UK: Lords Race To Finish Localism Bill Committee Stage

Last Updated: 25 July 2011
Article by Angus Walker

This is entry number 264, published on 21 July 2011, of a blog on the Planning Act 2008 infrastructure planning and authorisation regime. Click here for a link to the whole blog. If you would like to be notified when the blog is updated, with links sent by email, click here.

Today's entry reports on the completion of the Localism Bill committee stage in the House of Lords and the consideration of infrastructure planning amendments

The House of Lords is considering the Localism Bill and last night completed the committee stage of the Bill after ten sessions. On Tuesday, the ninth session, they finally reached the amendments to the (amendments to the) infrastructure planning regime. Parliament is now adjourned for the summer, but the next stage of the Bill will be the start of the report stage on 5 September, which is the first day back.

After nine sessions, their Lordships had only considered 124 out of 215 clauses of the Bill, but they managed to deal with the rest in a single sitting. Here is a chart of the number of clauses they considered each day, which illustrates the rush at the end.

In general there were no upsets: all the government amendments were accepted, and none of the others were. A new version of the Bill (renumbering the clauses again) will be published on this page shortly. [UPDATE: here is the revised Bill: volume I volume II - the infrastructure planning clauses are now 116-129]

Infrastructure planning amendments

Several amendments were tabled in respect of the Planning Act regime: three government amendments, and 20 or so backbench amendments, some of which I had a hand in drafting. The latter were moved by Lord Jenkin, supported by Lords Boyd and Berkeley.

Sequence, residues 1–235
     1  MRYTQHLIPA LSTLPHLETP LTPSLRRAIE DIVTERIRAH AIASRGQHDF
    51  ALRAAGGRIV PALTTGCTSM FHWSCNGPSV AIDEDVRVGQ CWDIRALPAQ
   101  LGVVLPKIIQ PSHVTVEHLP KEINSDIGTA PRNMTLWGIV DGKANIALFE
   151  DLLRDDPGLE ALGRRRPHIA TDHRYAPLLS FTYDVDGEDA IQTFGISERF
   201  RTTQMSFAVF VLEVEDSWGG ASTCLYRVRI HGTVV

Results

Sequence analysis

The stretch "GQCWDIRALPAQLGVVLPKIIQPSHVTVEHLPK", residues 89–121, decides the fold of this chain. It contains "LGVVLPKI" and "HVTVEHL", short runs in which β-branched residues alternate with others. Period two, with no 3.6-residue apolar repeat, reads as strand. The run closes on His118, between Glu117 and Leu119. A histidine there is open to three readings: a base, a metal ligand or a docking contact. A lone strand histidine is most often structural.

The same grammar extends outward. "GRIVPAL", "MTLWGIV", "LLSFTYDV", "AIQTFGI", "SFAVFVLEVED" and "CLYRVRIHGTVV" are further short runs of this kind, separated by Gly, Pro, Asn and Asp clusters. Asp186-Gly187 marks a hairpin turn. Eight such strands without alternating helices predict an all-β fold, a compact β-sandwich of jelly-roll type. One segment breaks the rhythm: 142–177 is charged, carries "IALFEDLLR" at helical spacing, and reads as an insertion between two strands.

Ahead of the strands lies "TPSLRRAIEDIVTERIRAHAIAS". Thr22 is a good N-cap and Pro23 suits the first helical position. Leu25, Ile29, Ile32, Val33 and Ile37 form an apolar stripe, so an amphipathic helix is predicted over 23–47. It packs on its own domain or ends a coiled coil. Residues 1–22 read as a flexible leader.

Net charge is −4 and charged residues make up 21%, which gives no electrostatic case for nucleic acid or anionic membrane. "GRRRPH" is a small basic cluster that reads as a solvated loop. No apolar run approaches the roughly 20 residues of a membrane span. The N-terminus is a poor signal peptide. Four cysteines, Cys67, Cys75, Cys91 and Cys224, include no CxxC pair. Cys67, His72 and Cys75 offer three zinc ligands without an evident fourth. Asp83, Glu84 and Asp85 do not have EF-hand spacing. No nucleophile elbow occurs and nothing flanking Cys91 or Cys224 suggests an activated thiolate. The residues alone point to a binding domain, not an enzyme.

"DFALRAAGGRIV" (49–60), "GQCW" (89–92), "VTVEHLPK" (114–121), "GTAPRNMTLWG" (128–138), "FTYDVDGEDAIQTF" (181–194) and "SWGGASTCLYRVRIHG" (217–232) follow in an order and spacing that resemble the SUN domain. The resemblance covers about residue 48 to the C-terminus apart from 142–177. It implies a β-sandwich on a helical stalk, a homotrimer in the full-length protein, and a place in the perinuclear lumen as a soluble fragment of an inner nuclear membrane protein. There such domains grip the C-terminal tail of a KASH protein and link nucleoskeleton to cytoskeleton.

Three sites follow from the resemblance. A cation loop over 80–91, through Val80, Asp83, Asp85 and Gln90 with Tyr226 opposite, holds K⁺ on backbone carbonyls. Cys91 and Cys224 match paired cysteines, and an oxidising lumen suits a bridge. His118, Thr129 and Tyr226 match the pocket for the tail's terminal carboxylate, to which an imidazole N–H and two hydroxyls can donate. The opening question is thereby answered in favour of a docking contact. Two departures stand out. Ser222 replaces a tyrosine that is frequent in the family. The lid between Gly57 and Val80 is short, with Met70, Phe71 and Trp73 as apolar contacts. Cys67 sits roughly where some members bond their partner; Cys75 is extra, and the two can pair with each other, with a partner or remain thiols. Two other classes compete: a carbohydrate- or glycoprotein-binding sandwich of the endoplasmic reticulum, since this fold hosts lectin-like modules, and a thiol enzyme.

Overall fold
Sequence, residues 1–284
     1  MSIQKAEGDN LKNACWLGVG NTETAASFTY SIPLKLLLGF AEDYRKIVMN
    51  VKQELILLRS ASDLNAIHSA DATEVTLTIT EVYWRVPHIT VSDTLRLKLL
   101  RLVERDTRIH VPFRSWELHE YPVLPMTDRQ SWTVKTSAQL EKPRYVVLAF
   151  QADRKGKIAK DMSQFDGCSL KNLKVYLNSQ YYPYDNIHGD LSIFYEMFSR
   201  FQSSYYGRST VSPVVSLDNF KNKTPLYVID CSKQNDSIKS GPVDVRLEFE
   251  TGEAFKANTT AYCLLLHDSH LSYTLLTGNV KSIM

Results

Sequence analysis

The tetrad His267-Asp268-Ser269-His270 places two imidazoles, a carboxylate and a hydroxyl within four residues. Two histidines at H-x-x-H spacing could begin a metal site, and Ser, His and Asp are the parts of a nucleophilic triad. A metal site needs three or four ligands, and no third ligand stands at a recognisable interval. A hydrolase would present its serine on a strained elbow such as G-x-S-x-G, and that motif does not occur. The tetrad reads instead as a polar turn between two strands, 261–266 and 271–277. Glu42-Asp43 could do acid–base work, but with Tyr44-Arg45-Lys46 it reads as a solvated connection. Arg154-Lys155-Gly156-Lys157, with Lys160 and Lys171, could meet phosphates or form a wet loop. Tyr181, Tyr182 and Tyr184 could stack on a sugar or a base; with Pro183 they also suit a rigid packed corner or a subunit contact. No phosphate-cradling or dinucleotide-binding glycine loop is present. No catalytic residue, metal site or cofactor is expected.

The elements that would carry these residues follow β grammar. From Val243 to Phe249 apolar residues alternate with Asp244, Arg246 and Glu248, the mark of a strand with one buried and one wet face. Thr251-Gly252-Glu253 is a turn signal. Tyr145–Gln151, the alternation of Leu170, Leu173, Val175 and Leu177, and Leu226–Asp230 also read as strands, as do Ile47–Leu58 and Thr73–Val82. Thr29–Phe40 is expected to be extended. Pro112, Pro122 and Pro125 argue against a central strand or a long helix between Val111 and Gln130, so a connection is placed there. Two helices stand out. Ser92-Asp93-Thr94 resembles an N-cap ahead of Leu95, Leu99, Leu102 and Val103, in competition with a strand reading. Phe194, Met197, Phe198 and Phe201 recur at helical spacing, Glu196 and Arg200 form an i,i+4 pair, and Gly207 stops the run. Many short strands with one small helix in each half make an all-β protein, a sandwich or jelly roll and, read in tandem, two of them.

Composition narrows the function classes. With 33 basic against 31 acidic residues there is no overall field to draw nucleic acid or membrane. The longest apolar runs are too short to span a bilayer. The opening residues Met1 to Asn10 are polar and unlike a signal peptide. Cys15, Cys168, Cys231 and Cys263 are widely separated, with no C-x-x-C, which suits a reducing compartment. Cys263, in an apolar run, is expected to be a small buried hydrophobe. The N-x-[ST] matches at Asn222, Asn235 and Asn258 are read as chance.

The effect of the government amendments, which were of course passed, is as follows:

  • the first deals with the ability to bring new consents into the Planning Act regime for matters devolved to the Welsh Assembly;
  • the second relaxes the provision on the acceptance of applications so that they do not require strict compliance but need only be to a standard that the Secretary of State considers 'satisfactory'; and
  • the third starts each deadline running (for reporting on applications and decision-making) when the previous stage actually completes rather than its deadline for completion (unless it is late), which should shorten application times in most cases.

The other amendments would have further streamlined the regime by allowing more consents to be brought into the Planning Act regime without needing permission to do so, and various other improvements. There is a fuller list of what the amendments would have done in this blog entry.

There was a glimmer of hope, however, as Earl Attlee, for the government, said that discussions would take place over the summer on the prospect of making further amendments to the Bill along similar lines at the next stage of consideration, report stage. In the light of recent developments on the Brig y Cwm application there may be a few additional ones about procedures for changes to applications during their examination.

There were a few further amendments outside that list. Two amendments to raise the 'nationally significant' thresholds in the Act (for electric lines and railways) were also unsuccessful (since this need not be done by primary legislation) but they are likely to initiate a discussion with departmental officials about changes.

The electric line threshold is currently that the line carries (is that the right verb?) 'at least 132 kilovolts' and the proposed change was to make it 'more than 132 kilovolts'. That may not seem much of a change, but since that would take the whole of the national distribution network (whose highest voltage is 132kV) out of the Planning Act regime, it would be quite significant and a great relief to the distribution network operators. Projects such as the one the IPC rejected, a short 132kV line near Neath in Wales, would no longer be considered nationally significant.

The railway amendment would allow the Secretary of State to declare that particular projects need not use the Planning Act regime - at the moment projects can only be brought into the regime, not taken out of it.

Lord Berkeley tried to introduce approval of National Policy Statements by the Lords, but the prospect of the Lords and the Commons reaching different conclusions was enough to defeat that attempt.

Amendments may be made at report stage and even at third reading, the next and final stage, so let us hope that the discussions over the summer are fruitful.

The content of this article is intended to provide a general guide to the subject matter. Specialist advice should be sought about your specific circumstances.

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